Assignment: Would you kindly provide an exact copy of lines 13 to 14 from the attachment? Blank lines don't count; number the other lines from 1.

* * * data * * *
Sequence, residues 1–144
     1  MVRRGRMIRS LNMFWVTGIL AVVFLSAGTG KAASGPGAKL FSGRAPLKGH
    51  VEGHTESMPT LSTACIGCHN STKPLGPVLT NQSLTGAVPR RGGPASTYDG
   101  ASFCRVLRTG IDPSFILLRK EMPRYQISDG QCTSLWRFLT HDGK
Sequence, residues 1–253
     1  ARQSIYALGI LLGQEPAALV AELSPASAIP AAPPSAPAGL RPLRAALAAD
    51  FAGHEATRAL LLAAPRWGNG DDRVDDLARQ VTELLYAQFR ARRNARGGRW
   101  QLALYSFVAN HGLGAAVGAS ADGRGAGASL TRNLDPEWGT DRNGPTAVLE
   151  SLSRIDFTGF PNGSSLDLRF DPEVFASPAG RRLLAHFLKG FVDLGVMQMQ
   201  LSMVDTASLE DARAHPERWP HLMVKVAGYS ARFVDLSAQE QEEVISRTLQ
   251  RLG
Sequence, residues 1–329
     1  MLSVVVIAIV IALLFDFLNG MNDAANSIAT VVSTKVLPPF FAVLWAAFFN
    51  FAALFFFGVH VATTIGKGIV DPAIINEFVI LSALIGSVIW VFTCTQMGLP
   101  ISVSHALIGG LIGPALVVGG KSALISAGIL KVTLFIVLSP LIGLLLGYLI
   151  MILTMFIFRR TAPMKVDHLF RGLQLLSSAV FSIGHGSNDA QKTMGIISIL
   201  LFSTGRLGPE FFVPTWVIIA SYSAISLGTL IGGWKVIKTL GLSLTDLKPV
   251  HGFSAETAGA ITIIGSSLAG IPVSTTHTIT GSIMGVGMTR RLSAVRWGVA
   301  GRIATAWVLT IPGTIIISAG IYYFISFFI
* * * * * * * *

     1  MLSVVVIAIV IALLFDFLNG MNDAANSIAT VVSTKVLPPF FAVLWAAFFN
    51  FAALFFFGVH VATTIGKGIV DPAIINEFVI LSALIGSVIW VFTCTQMGLP